Ogutu, J.O. (2013) Changing Wildlife Populations in Nairobi National Park and Adjoining Athi-Kaputiei Plains: Collapse of the Migratory Wildebeest. The Open Conservation Biology Journal, 7, 11-26.
 Woolley, L.-A., Millspaugh, J.J., Woods, R.J., et al. (2009) Intraspecific Strategic Responses of African Elephants to Temporal Variation in Forage Quality. The Journal of Wildlife Management, 73, 827-835.
 Garstange, M., Davis, R.E., Leggett, K., et al. (2014) Response of African Elephants (Loxodonta africana) to Seasonal Changes in Rainfall. PLoS ONE, 9, e108736.
 Birkett, P.J., Vanak, A.T., Muggeo, V.M.R., et al. (2012) Animal Perception of Seasonal Thresholds: Changes in Elephant Movement in Relation to Rainfall Patterns. PLoS ONE, 7, e38363.
 Tyrell, J.G. and Coe, M.J. (1974) The Rainfall Regime of Tsavo National Park, Kenya and Its Potential Phenological Significance. Journal of Biogeography, 1, 187-192.
 Serneels, S. and Lambin, E.F. (2001) Impact of Land-Use Changes on the Wildebeest Migration in the Northern Part of the Serengeti-Mara Ecosystem. Biogiography, 28, 391-407.
 Ogutu, J.O., Owen-smith, N., Piepho, H. and Dublin, H.T. (2015) How Rainfall Variation Influences Reproductive Patterns of African Savanna Ungulates in an Equatorial Region Where Photoperiod Variation Is Absent. 1-13.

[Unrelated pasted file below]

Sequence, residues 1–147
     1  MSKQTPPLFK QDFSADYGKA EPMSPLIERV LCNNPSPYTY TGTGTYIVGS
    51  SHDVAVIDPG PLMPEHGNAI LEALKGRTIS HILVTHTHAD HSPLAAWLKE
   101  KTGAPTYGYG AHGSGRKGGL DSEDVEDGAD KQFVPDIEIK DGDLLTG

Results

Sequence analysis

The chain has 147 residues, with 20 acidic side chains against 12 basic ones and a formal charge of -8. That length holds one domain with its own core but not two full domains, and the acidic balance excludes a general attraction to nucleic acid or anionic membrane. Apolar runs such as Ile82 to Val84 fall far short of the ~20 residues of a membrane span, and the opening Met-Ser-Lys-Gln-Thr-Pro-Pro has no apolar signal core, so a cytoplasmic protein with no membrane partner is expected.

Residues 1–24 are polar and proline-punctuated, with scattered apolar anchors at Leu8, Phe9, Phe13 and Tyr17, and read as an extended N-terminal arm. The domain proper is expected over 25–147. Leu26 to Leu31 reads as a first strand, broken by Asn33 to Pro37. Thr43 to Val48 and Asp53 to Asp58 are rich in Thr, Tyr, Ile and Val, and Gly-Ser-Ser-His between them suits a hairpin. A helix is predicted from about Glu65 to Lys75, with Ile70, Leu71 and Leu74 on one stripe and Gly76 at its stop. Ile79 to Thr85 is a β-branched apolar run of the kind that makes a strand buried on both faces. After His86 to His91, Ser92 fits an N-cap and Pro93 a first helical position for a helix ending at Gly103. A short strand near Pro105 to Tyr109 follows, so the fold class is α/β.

Ogutu, J.O., Kuloba, B., Piepho, H. and Kanga, E. (2017) Wildlife Population Dynamics in Human-Dominated Landscapes under Community-Based Conservation: The Example of Nakuru Wildlife Conservancy, Kenya. PLoS ONE, 12, e0169730.
 Gough, K.F. and Kerley, G.I.H. (2006) Demography and Population Dynamics in the Elephants Loxodonta africana of Addo Elephant National Park, South Africa: Is There Evidence of Density Dependent Regulation? Oryx, 40, 434.
 Shiao, L., Wu, Y. and Botkin, D.B. (1980) Of Elephants and Men: A Discrete, Stochastic Model for Long-Lived Species with Complex Life Histories. The American Naturalist, 116, 831-849.
 Wittemyer, G., Barner Rasmussen, H. and Douglas-Hamilton, I. (2007) Breeding Phenology in Relation to NDVI Variability in Free-Ranging African Elephant. Ecography, 30, 42-50.
 Stevenson, M.F. and Walter, O. (2006) Management Guidelines for the Welfare of Zoo Animals Elephants Loxodonta africana and Elephas maximus. 2nd Edition, British and Irish Association of Zoos and Aquariums.
 Phillips, N.A. (1956) The General Circulation of the Atmosphere: A Numerical Experiment. Quarterly Journal of the Royal Meteorological Society, 82, 123-164.